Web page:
August 2018

Sleeping Problems

Back to School Stress

Teen Depression

Sleep Disorders and Sleeping Problems

As summer winds down, it's a great time to take stock of your sleep patterns. School-age children aren’t the only ones who need to be mindful of adjusting sleep patterns. But making that change doesn’t come easy to everyone. 
If you have sleep difficulties, you’re not alone. As many as 40 million Americans are afflicted with some type of sleep-related problem.

While some sleep problems may be linked to biological changes associated with aging or certain physical diseases, others may be associated with a mental illness. Sleep problems are particularly common in patients with anxietydepression, bipolar disorder and attention deficit hyperactivity disorder (ADHD)

Several common sleep disorders are:
  • Disturbed sleep (insomnia) 
  • Excessive sleep (hypersomnia)
  • Lack of sleep (sleep deprivation)
Sleep experts recommend getting seven to eight hours of sleep a night. Here are some tips to help you practice sensible sleep habits:
  • Stick to a sleep schedule
  • Limit daytime naps
  • Limit screen time before bed
  • Avoid caffeine, nicotine and alcohol
  • Don’t exercise too close to bedtime
If you're having chronic sleep difficulties, talk with your family doctor. Identifying and treating any underlying causes can help you get the better sleep you deserve. If you need additional help, ask for a referral to a sleep specialist.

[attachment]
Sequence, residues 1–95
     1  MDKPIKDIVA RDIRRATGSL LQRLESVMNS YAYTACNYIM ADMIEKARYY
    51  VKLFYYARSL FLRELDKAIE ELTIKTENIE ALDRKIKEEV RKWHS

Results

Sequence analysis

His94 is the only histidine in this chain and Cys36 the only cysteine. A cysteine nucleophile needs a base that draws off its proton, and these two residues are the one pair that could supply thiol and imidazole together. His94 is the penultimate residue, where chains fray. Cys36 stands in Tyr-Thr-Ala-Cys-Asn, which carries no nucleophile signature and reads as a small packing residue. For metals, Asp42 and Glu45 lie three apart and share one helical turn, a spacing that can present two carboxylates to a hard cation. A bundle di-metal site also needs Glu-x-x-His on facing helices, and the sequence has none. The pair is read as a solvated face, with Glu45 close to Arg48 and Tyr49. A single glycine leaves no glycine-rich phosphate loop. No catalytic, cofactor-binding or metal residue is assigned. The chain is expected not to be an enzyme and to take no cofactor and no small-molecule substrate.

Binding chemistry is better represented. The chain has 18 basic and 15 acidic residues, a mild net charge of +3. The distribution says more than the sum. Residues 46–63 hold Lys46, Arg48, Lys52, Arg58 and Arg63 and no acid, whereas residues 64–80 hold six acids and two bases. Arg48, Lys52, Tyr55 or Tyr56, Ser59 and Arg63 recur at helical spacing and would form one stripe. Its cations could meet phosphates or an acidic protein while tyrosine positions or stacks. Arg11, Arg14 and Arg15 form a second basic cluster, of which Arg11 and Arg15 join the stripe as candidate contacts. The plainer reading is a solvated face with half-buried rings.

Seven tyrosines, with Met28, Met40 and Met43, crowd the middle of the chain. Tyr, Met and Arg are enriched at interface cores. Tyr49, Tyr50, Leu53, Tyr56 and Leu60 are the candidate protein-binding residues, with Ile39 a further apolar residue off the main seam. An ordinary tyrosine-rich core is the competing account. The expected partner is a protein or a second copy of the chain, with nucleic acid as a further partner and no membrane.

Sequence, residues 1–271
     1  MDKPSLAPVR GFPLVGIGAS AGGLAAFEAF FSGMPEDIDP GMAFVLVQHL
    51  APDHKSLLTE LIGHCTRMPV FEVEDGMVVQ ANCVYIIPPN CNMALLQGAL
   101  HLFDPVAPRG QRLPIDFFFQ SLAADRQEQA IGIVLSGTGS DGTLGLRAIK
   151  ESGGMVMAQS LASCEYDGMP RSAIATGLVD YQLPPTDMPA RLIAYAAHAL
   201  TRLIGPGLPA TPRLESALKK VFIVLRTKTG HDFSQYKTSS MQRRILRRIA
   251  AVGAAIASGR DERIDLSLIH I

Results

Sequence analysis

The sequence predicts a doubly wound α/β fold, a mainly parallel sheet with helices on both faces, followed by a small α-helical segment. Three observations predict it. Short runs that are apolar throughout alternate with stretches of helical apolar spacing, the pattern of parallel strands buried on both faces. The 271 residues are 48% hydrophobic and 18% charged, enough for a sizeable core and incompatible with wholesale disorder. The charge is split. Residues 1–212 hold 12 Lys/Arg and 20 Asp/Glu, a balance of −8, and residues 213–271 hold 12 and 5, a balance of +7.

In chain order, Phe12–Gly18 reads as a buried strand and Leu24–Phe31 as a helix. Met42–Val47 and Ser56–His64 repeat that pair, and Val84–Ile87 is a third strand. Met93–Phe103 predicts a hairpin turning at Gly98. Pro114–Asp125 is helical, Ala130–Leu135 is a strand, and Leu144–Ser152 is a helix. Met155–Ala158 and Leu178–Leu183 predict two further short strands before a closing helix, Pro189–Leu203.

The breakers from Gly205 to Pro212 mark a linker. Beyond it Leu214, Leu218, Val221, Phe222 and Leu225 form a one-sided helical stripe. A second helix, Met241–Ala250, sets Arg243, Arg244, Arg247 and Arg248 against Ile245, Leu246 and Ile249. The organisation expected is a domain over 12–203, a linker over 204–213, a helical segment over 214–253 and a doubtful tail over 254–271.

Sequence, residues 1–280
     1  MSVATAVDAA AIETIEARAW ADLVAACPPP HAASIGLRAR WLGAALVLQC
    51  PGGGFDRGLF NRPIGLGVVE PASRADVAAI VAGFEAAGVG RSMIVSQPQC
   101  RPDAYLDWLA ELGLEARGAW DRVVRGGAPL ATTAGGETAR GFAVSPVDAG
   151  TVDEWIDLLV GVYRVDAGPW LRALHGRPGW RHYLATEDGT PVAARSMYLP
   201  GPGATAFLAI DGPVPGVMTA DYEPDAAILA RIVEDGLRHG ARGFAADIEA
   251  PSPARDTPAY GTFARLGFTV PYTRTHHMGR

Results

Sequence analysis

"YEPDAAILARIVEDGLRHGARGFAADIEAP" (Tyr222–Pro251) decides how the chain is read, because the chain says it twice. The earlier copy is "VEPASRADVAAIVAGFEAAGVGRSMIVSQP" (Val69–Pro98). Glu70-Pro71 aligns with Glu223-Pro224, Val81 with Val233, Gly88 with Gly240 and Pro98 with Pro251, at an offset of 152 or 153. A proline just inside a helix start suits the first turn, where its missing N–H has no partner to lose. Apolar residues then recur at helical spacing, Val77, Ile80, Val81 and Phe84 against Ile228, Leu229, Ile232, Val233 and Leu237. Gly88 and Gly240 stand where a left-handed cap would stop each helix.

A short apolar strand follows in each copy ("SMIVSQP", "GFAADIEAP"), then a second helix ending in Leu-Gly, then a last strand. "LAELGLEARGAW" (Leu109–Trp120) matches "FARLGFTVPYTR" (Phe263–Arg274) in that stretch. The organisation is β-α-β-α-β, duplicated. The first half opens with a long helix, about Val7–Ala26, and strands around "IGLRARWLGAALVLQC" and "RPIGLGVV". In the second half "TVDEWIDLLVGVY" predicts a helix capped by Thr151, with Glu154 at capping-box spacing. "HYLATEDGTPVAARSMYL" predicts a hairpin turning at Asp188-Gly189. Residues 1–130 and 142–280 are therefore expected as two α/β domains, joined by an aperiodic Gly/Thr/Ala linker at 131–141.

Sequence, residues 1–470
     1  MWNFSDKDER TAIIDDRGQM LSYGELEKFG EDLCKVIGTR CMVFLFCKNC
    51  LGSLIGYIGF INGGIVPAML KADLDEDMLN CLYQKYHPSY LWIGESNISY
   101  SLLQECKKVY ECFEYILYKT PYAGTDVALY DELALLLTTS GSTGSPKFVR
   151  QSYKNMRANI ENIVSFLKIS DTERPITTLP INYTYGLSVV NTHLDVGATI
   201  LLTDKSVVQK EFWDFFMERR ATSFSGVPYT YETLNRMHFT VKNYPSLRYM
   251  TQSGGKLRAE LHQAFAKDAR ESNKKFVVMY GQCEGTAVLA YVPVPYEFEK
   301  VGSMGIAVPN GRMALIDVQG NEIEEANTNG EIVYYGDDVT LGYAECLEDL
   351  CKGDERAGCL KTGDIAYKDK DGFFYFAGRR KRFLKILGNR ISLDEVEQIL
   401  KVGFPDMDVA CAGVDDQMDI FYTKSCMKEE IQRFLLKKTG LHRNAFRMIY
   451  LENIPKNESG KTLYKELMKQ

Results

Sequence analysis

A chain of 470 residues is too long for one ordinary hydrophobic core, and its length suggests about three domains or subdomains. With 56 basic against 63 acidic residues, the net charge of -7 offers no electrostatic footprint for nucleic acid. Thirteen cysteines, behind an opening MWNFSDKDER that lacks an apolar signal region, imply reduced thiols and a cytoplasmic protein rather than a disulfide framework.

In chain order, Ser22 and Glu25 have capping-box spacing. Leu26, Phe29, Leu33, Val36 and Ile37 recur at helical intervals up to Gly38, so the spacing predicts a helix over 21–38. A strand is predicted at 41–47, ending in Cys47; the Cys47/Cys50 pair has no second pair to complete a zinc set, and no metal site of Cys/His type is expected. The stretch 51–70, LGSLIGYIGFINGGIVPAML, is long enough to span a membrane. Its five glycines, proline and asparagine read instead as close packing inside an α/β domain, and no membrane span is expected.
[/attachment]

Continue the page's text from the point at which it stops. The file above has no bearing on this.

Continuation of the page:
Back-to-School Stress

Heading back to school can be tough on kids. A new school year can bring a wide range of emotions, such as fear, excitement and anticipation. Talking with your children is one of the best ways to relieve stress and build resilience. Staying calm and relaxed will allow your child to draw strength and comfort from your attitude. Creating open lines of communication lets your child know you are there for support.

Teen Depression

Symptoms of depression in teens aren’t always easy to identify because they often appear as normal adolescent behavior. But teen depression is more than just a phase. It can interfere with daily life and even lead to suicidal thoughts and behavior. Seek professional help if you suspect your teen suffers from depression, and choose a provider who specializes in treating teenagers. The provider may suggest either talk therapy or medication, or both.
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